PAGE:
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ADA long-term advocacy yields legislative victory for dentists and patients

April 1, 2021
Years of advocacy has led to the Competitive Health Insurance Reform Act being signed into law; a victory for dentists and patients versus insurance companies.

Author's note: The American Dental Political Action Committee (ADPAC) has long battled for reform of the McCarran-Ferguson Act. During the 116th US Congress, ADPAC representatives conducted more than 600 meetings with members of Congress. ADPAC also oversaw a grassroots campaign with 10,322 dentists sending 23,090 emails to their Congressional leaders.

After many years of lobbying by the American Dental Association, its members, and its state partners, dental insurance companies will likely face additional scrutiny by the Department of Justice (DOJ) or the Federal Trade Commission (FTC). This January, the Competitive Health Insurance Reform Act (CHIRA) was signed into law, repealing health insurers’ limited exemption from certain federal antitrust laws provided by the 1947 McCarran-Ferguson Act.

ADA members should feel proud for not giving up on this issue after many years of talking to their elected officials about leveling the playing field with insurers. Dentists’ advocacy was driven by the hope of creating transparency for patients and providers within the dental insurance marketplace. The passage of CHIRA demonstrates how engaging with elected officials can effect meaningful change, even if it takes a little while to do so.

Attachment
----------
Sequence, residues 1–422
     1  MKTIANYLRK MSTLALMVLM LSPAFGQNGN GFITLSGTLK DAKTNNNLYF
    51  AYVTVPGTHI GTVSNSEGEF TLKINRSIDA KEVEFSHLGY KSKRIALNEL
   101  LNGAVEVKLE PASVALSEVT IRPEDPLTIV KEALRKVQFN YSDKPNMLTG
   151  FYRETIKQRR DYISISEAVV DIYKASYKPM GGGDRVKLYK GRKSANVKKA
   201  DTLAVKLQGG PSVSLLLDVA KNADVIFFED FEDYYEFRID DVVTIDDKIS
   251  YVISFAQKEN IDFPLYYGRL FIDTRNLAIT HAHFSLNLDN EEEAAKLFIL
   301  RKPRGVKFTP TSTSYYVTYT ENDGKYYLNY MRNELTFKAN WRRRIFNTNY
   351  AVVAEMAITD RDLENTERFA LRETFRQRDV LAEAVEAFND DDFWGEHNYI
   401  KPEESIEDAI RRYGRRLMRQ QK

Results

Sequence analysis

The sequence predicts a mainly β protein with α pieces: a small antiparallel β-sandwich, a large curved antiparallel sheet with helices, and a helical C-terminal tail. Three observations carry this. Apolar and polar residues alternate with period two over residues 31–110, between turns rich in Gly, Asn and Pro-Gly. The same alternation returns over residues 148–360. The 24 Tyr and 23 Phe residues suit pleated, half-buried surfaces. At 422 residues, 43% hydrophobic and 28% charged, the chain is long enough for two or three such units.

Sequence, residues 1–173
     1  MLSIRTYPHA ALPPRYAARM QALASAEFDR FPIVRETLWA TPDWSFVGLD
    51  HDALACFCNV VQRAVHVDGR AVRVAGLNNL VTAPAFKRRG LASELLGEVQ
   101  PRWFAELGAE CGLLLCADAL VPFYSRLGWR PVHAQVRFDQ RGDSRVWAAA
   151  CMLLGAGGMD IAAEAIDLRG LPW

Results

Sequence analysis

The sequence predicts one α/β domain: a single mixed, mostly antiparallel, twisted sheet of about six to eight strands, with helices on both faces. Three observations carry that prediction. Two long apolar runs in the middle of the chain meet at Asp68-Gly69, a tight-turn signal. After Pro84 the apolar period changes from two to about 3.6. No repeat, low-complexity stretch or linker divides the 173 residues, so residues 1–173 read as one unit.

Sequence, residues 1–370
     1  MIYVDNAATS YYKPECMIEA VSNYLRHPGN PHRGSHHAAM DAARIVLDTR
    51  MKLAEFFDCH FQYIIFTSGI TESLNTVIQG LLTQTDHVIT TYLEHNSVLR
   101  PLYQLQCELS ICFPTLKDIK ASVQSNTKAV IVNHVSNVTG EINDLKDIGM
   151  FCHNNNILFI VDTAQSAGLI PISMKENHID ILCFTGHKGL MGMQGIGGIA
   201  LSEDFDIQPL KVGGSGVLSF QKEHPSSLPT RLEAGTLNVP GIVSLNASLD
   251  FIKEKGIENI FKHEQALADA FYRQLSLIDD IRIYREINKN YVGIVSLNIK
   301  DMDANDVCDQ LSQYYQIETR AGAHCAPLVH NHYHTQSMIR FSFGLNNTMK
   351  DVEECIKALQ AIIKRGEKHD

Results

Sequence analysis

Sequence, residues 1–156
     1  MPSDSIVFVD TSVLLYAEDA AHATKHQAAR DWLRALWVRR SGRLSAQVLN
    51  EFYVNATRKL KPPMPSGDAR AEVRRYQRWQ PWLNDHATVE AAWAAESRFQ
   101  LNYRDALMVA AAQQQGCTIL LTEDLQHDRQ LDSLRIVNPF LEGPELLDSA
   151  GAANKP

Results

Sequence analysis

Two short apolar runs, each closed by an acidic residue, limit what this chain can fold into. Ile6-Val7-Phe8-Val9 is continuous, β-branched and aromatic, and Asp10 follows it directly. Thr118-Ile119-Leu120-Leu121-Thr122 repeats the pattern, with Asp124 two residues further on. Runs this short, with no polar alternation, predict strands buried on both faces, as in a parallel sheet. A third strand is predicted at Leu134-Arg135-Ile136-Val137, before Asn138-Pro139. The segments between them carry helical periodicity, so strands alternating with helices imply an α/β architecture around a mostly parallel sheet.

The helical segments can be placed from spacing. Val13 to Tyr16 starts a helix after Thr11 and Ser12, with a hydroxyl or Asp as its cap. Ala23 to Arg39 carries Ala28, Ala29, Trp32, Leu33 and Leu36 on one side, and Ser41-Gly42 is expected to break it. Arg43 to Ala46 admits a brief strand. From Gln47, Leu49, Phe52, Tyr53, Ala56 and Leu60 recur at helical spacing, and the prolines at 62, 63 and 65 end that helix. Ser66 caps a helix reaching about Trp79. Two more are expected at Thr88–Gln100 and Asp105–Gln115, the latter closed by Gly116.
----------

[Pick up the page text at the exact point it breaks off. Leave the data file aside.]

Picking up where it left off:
Under McCarran-Ferguson, dental insurers were exempt from the enforcement of some federal antitrust laws. In the past, even though federal agencies always had the authority to enforce some of the antitrust laws against insurance companies, they rarely did—perhaps because one purpose of the McCarran-Ferguson Act was to reserve insurance regulation to the states. With the repeal, it is hoped that both the FTC and DOJ pursue antitrust investigations and actions against health insurance companies and seek sanctions if anticompetitive conduct is found.

What does this mean for dentists and consumers? The new law may have a positive influence on increasing competition among health insurance and dental plans in ways that will grant an advantage to both patients and providers. For example, it may stimulate the creation of plans that will offer improved coverage for patients and more attractive terms for the providers from whom insurance companies seek network participation. Over time, we’ll be able to see how this new law brings about some much-needed changes in the health insurance marketplace. We can all thank our advocates for that success.

DANIEL J. KLEMMEDSON, DDS, MS, an oral and maxillofacial surgeon in Tucson, Arizona, is the president of the American Dental Association. He is a past president of the Arizona Dental Association, the Southern Arizona Dental Society, the Western Society of Oral and Maxillofacial Surgeons, and the Arizona Society of Oral and Maxillofacial Surgeons. He’s received numerous awards for his dedicated service. In addition to maintaining a private practice, he is an attending oral and maxillofacial surgeon on the cleft palate and craniofacial team at Children’s Clinics.

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